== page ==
We’ve shared here and there posts about our experience as first time entrepreneurs. One aspect that became quite visible those last weeks for us with Stephan’s arrival is that as first time entrepreneurs, we’re also first time employers (few of us start companies with the objective of staying with the founders alone onboard). I summarize here various thoughts (from the “employer” perspective. For the employee, you’ll have to ask Stephan).

Risk and Opportunity

Managing a company is basically taking one million decisions a day. But some are more important than others, such as: “do we hire someone” and “do we hire this guy”. There are both tremendous risks

Employee of the Month Reserved Parking Sign

and enorm opportunities here (especially with the first one).

Risk, of course. I did hire some developers in my previous job. Some turned fine, other badly (the hiring, not the developers). But this is different in so many ways: it’s the first one, and we are a team of two founders, not a well established development team. And it’s our money (well, almost).

With an existing team, you have what is needed to get someone onboard properly: time, existing procedures, colleagues and peers he can turn to. You can probably absorb a bad hire, should it happen (it will cost, of course, but if it’s one developer among five, well, it will probably impact at most 20-30% of the team productivity).

Bad hires (that can be as simple as “bad matches”) are costly to any team. But they can be particularly dangerous for startups. We have less time, less resources. We simply cannot afford a bad hire.

And here come the opportunity: with tight resources, one more person makes a world of difference. It’s 50 % more resource in the company. 50 % more ideas. 50 % more energy. It’s the possibility to advance on so much subject that are important but never made it to the top of the pile (like stopping creating VM manually). So, yes, it is a risk. But a worthy one.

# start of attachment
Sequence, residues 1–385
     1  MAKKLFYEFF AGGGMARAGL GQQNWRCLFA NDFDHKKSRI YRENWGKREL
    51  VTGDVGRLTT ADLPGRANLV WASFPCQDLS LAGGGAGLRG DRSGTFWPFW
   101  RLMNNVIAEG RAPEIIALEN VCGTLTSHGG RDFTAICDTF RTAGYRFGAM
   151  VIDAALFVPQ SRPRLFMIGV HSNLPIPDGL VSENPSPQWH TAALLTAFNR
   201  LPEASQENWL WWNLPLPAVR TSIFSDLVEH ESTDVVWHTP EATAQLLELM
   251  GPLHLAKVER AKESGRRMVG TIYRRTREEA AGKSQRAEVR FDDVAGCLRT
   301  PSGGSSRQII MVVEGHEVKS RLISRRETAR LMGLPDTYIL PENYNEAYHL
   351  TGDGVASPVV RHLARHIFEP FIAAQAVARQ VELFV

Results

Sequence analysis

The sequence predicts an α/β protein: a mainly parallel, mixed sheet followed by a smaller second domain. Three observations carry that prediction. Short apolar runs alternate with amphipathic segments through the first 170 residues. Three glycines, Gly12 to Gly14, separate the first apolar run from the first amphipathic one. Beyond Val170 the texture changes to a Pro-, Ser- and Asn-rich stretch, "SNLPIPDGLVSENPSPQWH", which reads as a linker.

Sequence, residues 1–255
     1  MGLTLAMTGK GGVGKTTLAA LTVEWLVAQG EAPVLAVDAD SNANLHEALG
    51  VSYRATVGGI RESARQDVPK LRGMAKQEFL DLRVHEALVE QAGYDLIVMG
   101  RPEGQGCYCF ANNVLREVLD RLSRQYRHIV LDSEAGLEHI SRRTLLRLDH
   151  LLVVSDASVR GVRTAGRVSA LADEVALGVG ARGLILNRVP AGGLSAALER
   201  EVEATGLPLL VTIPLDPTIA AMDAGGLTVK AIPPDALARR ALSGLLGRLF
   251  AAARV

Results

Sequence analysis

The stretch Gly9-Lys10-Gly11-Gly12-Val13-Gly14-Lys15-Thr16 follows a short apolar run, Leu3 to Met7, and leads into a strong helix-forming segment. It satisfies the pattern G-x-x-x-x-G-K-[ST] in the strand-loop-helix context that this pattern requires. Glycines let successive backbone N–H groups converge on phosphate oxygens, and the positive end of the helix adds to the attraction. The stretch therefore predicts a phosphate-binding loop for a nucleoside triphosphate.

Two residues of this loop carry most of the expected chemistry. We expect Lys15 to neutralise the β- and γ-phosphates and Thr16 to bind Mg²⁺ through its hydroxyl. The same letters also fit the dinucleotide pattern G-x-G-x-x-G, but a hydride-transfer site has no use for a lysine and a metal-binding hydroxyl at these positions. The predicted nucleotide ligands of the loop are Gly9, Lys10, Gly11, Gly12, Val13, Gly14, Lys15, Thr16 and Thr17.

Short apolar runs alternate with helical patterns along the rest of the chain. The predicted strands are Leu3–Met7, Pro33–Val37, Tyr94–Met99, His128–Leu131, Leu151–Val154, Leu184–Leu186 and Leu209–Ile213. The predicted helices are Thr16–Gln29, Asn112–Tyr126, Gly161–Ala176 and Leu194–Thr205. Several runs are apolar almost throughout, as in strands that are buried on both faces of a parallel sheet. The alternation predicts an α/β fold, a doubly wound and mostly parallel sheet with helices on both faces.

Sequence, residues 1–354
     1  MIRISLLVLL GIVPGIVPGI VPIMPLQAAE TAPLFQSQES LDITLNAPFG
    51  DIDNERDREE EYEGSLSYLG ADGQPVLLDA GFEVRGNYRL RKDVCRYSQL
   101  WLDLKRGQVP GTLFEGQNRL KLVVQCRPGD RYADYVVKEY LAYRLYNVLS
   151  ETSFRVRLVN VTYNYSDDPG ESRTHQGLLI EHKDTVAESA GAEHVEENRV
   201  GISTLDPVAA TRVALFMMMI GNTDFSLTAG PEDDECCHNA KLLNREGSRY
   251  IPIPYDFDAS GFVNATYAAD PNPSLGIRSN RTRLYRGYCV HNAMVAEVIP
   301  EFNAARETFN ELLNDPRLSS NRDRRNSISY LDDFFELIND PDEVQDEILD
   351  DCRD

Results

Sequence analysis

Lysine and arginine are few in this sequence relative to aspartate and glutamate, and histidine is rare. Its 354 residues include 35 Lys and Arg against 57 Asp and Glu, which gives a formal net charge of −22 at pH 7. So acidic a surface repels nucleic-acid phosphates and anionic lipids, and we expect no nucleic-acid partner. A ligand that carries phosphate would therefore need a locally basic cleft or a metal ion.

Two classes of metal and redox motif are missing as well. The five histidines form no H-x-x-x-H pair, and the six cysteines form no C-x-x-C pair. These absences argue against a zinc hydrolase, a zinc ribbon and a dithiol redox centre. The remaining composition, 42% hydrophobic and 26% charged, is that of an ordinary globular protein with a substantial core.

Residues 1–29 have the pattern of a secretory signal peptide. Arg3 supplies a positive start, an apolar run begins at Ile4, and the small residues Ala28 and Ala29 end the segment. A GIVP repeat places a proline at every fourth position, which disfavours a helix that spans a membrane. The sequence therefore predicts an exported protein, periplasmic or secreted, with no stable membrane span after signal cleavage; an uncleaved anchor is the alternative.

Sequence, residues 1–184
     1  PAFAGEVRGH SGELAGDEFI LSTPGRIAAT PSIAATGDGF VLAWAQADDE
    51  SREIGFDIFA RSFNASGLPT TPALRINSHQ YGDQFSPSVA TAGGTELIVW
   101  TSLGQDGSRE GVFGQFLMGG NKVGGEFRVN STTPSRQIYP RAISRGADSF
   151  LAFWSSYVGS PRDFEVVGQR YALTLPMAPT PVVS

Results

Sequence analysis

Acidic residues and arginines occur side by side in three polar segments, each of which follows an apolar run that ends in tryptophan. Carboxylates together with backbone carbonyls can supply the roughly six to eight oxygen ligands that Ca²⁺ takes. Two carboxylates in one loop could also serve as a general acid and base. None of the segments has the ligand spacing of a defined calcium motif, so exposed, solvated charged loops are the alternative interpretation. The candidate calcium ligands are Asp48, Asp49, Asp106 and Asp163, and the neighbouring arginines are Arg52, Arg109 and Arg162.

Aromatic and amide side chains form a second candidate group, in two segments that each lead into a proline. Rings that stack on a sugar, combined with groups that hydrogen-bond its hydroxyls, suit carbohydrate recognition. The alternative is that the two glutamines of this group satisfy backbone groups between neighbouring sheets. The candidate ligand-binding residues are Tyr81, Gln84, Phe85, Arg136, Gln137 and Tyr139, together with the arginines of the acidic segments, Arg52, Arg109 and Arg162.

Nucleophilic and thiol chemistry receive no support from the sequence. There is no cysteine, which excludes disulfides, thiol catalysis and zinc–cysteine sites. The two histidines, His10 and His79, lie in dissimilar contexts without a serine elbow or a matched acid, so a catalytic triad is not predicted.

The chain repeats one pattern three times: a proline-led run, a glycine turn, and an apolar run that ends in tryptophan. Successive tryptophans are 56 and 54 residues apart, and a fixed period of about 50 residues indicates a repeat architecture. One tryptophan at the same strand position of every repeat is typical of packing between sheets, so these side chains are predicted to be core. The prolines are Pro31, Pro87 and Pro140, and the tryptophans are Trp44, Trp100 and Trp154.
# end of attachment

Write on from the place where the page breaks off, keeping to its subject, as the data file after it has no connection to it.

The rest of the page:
Disclaimer: We work in Belgium. Some points here may be “localized”, even if I think they should hold for other (European) countries as well.



It is a custom in Belgium to complain about how costly it is to employ someone (not only in IT, but generally, as taxes and social security costs are deemed high). While the full debate would take more that this post (and involve long discussions about what kind of state you desire), my very limited experience is that yes, employing is costly, but not in the way most people talk about it.

There is the employee cost (his global cost for you as an employer), of course, and yes, it can be pretty high (even if compared to, say, San Francisco, it is probably still reasonable). But it’s also the time cost, ie, the time you’ll use for the various administrative tasks linked to your new function as employer. And this, I would say, is somewhat daunting in its complexity. I see myself as pretty smart, and not frightened by a little administrative mumbo-jumbo, but this goes over the top.

We took a very good decision by deciding to pay a “social secretariat” (an organism that can take charge of a lot of employer related stuff, and serves as an intermediary between you and the various state-related agencies). It is cheap, and gives you a golden key: a single point of contact for everything “employer” related - from contracts to payment to holidays or sickness.